Carbon nanotubes (CNTs) have high strength and Young’s modulus, making them attractive nanofillers. However, dispersion of CNTs in photopolymer is a critical challenge, as they tend to agglomerate easily. Achieving good dispersion is crucial to improve the mechanical properties; thus, suitable dispersion mechanisms and processes are examined. Solvent exchange process was found to improve the dispersion of multiwalled carbon nanotubes in the photopolymer. The UV-absorbing nature of CNTs was also discovered to affect the curing properties. With suitable post processing, coupled with thermal curing, the mechanical properties of SL parts made from CNTs-filled resin improved significantly.

Findings

With the addition of 0.25 wt.% CNTs into the photopolymer, tensile stress and elongation of the 3D printed parts increased by 70 and 46 per cent, respectively. With the significant improvement, the achieved tensile strength is comparable to parts manufactured by conventional methods.

Practical implications

This allows functional parts to be manufactured using SL.

Originality/value

In this paper, an improved procedure to incorporate CNTs into the photopolymer was developed. Furthermore, because of strong UV-absorption nature of CNTs, curing properties of photopolymer and SL parts with and without CNT fillers were studied. Optimized curing parameters were determined and additional post-processing step for thermal curing was discovered as an essential step in order to further enhance the mechanical properties of SL composite parts.

Details

Rapid Prototyping Journal, vol. 23 no. 1
Type: Research Article
ISSN: 1355-2546

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Article
Publication date: 11 September 2019

Swapnil Vyavahare, Soham Teraiya, Deepak Panghal and Shailendra Kumar

Fused deposition modelling (FDM) is the most economical additive manufacturing technique. The purpose of this paper is to describe a detailed review of this technique…

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1565

Abstract

Purpose

Fused deposition modelling (FDM) is the most economical additive manufacturing technique. The purpose of this paper is to describe a detailed review of this technique. Total 211 research papers published during the past 26 years, that is, from the year 1994 to 2019 are critically reviewed. Based on the literature review, research gaps are identified and the scope for future work is discussed.

Design/methodology/approach

Literature review in the domain of FDM is categorized into five sections – (i) process parameter optimization, (ii) environmental factors affecting the quality of printed parts, (iii) post-production finishing techniques to improve quality of parts, (iv) numerical simulation of process and (iv) recent advances in FDM. Summary of major research work in FDM is presented in tabular form.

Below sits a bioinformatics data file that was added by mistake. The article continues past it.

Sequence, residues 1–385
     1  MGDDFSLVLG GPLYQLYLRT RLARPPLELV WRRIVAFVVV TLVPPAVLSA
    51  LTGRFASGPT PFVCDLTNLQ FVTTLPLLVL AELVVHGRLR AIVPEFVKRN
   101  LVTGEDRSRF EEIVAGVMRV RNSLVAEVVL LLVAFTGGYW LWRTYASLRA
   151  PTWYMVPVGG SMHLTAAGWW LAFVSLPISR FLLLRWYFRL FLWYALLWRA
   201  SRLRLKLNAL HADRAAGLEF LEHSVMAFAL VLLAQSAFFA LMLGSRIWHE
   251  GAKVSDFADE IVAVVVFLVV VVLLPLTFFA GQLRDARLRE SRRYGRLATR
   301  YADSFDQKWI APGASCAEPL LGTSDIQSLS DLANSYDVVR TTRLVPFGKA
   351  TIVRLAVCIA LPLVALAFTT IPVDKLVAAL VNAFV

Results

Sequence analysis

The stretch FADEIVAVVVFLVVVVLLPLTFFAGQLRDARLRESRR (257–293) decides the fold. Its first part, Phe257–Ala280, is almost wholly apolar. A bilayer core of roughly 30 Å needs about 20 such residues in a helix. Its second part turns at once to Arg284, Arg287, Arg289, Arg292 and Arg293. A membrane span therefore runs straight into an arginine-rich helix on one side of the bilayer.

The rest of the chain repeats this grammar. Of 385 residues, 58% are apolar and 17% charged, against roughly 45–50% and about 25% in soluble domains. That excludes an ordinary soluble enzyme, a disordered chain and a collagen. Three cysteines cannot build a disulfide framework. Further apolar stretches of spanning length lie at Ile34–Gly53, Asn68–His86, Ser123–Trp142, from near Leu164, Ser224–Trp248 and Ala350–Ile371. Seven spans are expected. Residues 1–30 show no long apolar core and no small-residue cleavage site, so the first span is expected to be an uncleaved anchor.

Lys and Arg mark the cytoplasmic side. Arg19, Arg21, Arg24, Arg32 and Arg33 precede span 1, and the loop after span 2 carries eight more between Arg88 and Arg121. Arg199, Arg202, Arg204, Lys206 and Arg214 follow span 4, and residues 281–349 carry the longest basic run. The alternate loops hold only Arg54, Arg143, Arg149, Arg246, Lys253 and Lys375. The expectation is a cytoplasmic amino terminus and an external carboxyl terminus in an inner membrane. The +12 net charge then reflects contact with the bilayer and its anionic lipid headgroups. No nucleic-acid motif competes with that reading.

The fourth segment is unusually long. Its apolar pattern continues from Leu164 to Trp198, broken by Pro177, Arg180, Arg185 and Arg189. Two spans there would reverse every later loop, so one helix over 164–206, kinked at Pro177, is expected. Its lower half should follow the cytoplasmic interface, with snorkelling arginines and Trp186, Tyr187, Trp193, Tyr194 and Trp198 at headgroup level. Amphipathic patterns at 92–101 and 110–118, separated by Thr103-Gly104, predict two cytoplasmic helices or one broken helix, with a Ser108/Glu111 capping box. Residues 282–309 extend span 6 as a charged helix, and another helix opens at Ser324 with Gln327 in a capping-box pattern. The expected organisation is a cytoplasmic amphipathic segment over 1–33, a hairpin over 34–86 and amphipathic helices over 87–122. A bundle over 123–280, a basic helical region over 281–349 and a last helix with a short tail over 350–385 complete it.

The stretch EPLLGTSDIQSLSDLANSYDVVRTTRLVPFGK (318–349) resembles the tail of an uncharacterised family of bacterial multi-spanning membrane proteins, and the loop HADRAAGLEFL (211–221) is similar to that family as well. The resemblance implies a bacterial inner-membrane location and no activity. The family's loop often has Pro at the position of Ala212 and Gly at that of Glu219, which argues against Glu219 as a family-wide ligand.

Findings

Based on literature review, research gaps are identified and scope of future work in FDM along with roadmap is discussed.

Research limitations/implications

In the present paper, literature related to chemical, electric and magnetic properties of FDM parts made up of various filament feedstock materials is not reviewed.

Originality/value

This is a comprehensive literature review in the domain of FDM focused on identifying the direction for future work to enhance the acceptability of FDM printed parts in industries.

Details

Rapid Prototyping Journal, vol. 26 no. 1
Type: Research Article
ISSN: 1355-2546

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Article
Publication date: 21 March 2016

Jonathan Torres, Matthew Cole, Allen Owji, Zachary DeMastry and Ali P. Gordon

This paper aims to present the influences of several production variables on the mechanical properties of specimens manufactured using fused deposition modeling (FDM) with…

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1685

Abstract

Purpose

This paper aims to present the influences of several production variables on the mechanical properties of specimens manufactured using fused deposition modeling (FDM) with polylactic acid (PLA) as a media and relate the practical and experimental implications of these as related to stiffness, strength, ductility and generalized loading.

Design/methodology/approach

A two-factor-level Taguchi test matrix was defined to allow streamlined mechanical testing of several different fabrication settings using a reduced array of experiments. Specimens were manufactured and tested according to ASTM E8/D638 and E399/D5045 standards for tensile and fracture testing. After initial analysis of mechanical properties derived from mechanical tests, analysis of variance was used to infer optimized production variables for general use and for application/load-specific instances.

Findings

Production variables are determined to yield optimized mechanical properties under tensile and fracture-type loading as related to orientation of loading and fabrication.

Practical implications

The relation of production variables and their interactions and the manner in which they influence mechanical properties provide insight to the feasibility of using FDM for rapid manufacturing of components for experimental, commercial or consumer-level use.

Originality/value

This paper is the first report of research on the characterization of the mechanical properties of PLA coupons manufactured using FDM by the Taguchi method. The investigation is relevant both in commercial and consumer-level aspects, given both the currently increasing utilization of 3D printers for component production and the viability of PLA as a renewable, biocompatible material for use in structural applications.

Details

Rapid Prototyping Journal, vol. 22 no. 2
Type: Research Article
ISSN: 1355-2546

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Article
Publication date: 10 June 2014

Grazielle de Oliveira Setti, Marcelo Fernandes de Oliveira, Izaque Alves Maia, Jorge Vicente Lopes da Silva, Raluca Savu and Ednan Joanni